I often hear leaders define themselves as a “straight shooter.” My friend Scott Carbonara says that’s often code for “insensitive jerk.” As we were talking one day about leadership and our roles as consultants and trainers we got into some great discussion that lead to this article. My original title was “Straight Shooter or Back Stabber?”
What got me wound up was a consulting job where I was talking with an executive who seemed to used the definition as an excuse to be rude, interrupt and answer my questions with a remark such as, “I don’t see how that has anything to do with what we are talking about.”
I found myself walking on egg shells, over compensating for his brash behavior, and then even buying into ideas the employees had about him being a straight shooter and telling me how to “handle him.” Talk about the rescue role on the Drama Triangle!
That’s just not my way. I’ve realized that when I’m walking on egg shells something is off. It might be me, or it might be them. One of my hilarious consultant friends says (in jest) ” when there’s fear, intimidation and game-playing, someone needs to be b-slapped…and it might even be me.“
What he’s really saying, (and I wholeheartedly agree) ‘ there’s either an elephant in the room or the emperor is naked and no one is willing to speak up! In other words, we each contribute to the problem when we avoid the conversation.
As I did a little research I found that there was a lack of trust and lack of engagement in the company. There’s no wonder. That’s when I decided to make a distinction between straight shooter and authentic leader.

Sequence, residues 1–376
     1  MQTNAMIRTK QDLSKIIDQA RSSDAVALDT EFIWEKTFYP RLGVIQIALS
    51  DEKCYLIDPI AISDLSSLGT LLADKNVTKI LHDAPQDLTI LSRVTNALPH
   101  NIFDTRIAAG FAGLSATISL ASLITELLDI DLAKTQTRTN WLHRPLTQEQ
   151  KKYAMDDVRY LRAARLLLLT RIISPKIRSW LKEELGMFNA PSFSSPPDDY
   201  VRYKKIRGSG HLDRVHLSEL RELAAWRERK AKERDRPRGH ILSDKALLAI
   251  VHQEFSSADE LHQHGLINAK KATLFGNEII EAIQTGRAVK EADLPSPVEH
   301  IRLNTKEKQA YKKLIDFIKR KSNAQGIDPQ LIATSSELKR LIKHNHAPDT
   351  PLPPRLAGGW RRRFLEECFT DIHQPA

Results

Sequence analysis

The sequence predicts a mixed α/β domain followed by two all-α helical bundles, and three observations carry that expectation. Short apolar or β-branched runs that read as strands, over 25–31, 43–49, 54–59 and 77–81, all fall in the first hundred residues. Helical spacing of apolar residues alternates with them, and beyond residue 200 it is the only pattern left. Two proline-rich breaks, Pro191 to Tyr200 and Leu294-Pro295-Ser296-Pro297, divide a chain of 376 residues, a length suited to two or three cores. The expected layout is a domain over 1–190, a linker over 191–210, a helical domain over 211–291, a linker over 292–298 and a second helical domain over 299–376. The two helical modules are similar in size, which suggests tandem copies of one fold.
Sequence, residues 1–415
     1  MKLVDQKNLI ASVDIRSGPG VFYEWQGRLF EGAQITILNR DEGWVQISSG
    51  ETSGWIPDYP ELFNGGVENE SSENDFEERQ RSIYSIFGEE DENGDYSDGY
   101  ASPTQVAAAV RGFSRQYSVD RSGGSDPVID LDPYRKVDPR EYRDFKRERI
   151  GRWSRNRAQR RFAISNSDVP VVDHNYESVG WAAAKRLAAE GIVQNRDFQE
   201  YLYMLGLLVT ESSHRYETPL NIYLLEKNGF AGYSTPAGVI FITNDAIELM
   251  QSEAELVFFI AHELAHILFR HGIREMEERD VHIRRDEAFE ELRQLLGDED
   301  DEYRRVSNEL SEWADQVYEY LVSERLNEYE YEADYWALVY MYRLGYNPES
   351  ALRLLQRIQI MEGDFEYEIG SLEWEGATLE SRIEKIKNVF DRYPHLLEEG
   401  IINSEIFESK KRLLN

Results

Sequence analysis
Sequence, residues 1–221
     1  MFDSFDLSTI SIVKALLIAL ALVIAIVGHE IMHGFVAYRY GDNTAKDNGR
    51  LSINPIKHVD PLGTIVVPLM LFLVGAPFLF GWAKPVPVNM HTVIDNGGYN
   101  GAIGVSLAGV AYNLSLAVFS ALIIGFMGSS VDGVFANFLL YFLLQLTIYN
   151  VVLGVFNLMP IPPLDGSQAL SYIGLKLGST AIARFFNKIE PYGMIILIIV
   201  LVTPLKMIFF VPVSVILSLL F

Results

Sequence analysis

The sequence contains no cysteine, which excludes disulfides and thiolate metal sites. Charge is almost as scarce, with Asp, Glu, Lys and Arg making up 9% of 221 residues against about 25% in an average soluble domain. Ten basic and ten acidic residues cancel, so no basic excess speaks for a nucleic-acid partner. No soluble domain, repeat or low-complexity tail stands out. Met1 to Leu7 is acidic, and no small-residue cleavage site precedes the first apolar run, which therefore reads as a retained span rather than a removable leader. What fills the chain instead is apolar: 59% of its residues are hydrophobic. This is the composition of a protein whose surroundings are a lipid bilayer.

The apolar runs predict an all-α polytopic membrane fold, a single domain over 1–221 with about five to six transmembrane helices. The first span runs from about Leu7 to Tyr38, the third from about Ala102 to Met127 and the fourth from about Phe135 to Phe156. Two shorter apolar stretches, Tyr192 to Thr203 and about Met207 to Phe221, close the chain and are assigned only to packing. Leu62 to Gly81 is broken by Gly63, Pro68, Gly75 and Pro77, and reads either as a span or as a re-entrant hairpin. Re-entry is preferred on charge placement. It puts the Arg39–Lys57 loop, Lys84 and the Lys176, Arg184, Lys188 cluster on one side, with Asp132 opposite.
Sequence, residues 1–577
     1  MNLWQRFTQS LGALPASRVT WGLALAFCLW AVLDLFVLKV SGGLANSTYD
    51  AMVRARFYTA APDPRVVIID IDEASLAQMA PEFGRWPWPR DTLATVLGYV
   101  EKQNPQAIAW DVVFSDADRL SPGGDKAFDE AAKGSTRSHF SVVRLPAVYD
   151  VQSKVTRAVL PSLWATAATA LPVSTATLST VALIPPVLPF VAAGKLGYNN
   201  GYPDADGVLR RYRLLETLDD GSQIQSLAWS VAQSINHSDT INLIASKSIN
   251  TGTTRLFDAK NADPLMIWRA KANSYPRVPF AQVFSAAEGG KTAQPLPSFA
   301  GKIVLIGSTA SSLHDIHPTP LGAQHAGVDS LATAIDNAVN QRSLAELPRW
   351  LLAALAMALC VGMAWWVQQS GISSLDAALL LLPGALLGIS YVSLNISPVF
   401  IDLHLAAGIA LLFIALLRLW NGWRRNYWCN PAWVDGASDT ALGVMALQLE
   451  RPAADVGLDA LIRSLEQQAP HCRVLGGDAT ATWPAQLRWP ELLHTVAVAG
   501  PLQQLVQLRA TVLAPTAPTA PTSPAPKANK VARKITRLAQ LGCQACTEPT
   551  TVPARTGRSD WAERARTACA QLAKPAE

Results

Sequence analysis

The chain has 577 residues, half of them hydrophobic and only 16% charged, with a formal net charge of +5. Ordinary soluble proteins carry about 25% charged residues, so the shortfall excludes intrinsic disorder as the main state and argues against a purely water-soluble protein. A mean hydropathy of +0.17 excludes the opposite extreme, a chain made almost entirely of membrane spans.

Authentic leaders are straight shooters, but straight shooters are not always authentic leaders.
From my experience, those in the C-Suite who define themselves as straight shooters don’t want anyone else to shoot straight. They don’t want anyone to get to know them, and most of the time they are very uncomfortable with conflict, so in order to maintain distance, they use their straight shooting so that they don’t have to ever feel vulnerable or show their human side.
No wonder there’s a lack of trust and engagement.
Some leaders hide behind a personality profile by saying, ‘Well, I’m INTJ. Or I’m a HIGH DIRECTOR on the DISC assessment.”
Translated: I don’t have to change. You have to accept me the way I am, and that’s why I may hurt your feelings…after all, I’m just a straight shooter…and I’m right.
Rather than being “right” what if you learned to expand your range?
“But I’m just being honest” or “If you can’t handle the heat get out of the kitchen” will be the last protest.
You see, what I have also learned is you can only be as honest as your level of self awareness. So, while I used to describe myself as a straight shooter, I have now made a distinction. I’m an authentic leader. I say it like I see it, but I’m caring and compassionate. I strive use wisdom and good timing. I care about your thoughts, but at the same time I’m very capable of stepping in a hole…or two.
I’m certainly not the sage on the stage. I’m in the boat with you. You will get to know the real me if you work with me. And if you are walking on egg shells around me, just remember, there’s no place for violence (imagined or otherwise) in the workplace; so b-slapping allowed. Just be authentic with me so I can clean up whatever story we are participating in that keeps us from the clarity of our real mission.